Golfing Magazine recently spoke with Cheryl Brayman, one of the best lady golfers on Long Island, about her accomplishments in golf and the state of gender equality in todayís golf culture. GM: How long have you been at North Shore Country Club?
CB: Fourteen years. GM: During that time youíve won seven club championships. How did you get involved in the game of golf?
CB: I had been a tennis player and a skier, and there came a point where I couldnít run anymore because my knees hurt so badly. I stopped playing tennis, but I still needed that competitiveness of a sport, so I figured, ďGolf canít be too hard. You walk around the course, get a little exercise, and hit a ball.Ē I played for a year, mostly at Eisenhower and Bethpage, but I grew impatient waiting. There was no place to practice, and I really didnít know what I was doing. I really wanted to learn how to play, so I had a friend who belonged to North Shore. She took me out a couple of times, and before I knew it I was a member, too. GM: How long have you been playing?
CB: Iíve been playing seriously for about 14 years. GM: In the grand scheme of things, 14 years is not a lot of time. What did it take for you to get to a competitive level so that you were able to win club championships, sectional events, and WMGA events?
CB: It took about seven or eight years to become relatively competitive, and Iíve become really competitive in the last two or three years. GM: How often do you take lessons?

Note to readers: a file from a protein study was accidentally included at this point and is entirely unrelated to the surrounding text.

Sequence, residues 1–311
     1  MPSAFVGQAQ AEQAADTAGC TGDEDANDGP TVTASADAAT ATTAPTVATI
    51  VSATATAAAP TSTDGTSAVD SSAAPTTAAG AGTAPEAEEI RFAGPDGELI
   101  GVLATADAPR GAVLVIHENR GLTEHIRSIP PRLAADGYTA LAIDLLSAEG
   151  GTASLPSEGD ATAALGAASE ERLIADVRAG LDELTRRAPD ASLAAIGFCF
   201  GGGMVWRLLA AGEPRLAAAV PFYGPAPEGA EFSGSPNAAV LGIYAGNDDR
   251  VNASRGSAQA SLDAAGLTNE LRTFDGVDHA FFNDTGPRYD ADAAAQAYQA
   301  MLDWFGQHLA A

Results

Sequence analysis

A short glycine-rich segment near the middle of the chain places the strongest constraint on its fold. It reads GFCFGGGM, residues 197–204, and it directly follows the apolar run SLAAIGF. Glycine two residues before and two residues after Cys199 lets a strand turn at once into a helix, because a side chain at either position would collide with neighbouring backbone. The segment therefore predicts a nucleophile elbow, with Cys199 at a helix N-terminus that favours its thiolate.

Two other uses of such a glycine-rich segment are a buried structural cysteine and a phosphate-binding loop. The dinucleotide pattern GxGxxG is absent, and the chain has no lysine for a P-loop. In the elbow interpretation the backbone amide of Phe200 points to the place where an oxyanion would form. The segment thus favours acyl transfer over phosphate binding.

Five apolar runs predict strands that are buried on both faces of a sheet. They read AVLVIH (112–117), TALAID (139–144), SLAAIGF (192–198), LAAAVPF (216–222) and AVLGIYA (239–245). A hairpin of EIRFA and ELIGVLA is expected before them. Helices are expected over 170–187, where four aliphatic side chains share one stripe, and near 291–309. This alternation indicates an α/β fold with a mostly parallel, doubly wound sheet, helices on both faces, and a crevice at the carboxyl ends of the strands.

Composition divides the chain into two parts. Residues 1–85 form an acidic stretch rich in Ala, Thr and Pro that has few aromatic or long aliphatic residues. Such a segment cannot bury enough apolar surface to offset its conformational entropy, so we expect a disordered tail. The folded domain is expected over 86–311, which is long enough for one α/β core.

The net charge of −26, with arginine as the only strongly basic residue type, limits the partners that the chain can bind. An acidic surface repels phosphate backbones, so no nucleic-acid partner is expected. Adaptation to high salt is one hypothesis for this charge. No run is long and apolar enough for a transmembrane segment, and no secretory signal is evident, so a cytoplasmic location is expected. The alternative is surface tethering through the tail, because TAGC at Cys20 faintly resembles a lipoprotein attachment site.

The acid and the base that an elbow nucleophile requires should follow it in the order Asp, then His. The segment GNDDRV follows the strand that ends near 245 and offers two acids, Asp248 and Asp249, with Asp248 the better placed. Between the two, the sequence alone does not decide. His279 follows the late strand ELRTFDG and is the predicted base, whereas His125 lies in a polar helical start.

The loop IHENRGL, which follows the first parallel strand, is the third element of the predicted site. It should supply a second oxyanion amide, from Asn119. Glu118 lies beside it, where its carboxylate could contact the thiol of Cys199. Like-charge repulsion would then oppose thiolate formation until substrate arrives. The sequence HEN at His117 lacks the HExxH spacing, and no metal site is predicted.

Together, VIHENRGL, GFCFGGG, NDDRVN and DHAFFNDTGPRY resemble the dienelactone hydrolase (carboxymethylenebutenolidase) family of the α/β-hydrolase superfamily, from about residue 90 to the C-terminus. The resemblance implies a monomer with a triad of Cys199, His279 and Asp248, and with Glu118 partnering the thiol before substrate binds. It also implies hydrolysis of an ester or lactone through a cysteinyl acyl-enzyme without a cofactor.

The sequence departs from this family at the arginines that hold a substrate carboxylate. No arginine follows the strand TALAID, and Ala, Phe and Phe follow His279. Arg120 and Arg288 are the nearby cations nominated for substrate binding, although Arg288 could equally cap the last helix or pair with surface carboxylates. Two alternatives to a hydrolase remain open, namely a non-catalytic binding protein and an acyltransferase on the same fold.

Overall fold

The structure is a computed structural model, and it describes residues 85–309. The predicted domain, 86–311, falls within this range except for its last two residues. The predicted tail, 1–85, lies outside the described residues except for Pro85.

CB: All the time. When I joined here, an assistant professional named Sue Marino helped me out. I wanted to make sure I had a woman instructor, so that someone that was close to my size could help me. In my first lesson she told me to hit a couple of balls, and I did. She said, ďDo you want to work with what you have, or do you really want to learn how to play this game?Ē I said that I really wanted to learn; I was very eager. She took away all my clubs except my 7-iron, and I spent the next six weeks hitting nothing but 7-irons. I took one or two lessons a week, and then finally she said that it was time to work on other things. It was about two-and-a-half months before she let me out on the golf course. Iíve never looked back, and Iíve never taken a lesson from anybody else. Sue and I are good friends now, and sheís always there pushing and supporting and helping with my golf. GM: What are you working on to stay at such a competitive level?